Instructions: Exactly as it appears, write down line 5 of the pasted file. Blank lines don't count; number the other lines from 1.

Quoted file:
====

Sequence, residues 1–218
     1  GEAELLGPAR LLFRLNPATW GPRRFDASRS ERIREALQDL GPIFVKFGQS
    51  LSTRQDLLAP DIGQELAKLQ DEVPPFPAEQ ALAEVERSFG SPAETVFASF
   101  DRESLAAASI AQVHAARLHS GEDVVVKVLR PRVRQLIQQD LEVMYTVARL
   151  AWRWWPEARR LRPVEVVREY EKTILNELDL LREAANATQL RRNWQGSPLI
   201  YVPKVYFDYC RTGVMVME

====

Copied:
   151  AWRWWPEARR LRPVEVVREY EKTILNELDL LREAANATQL RRNWQGSPLI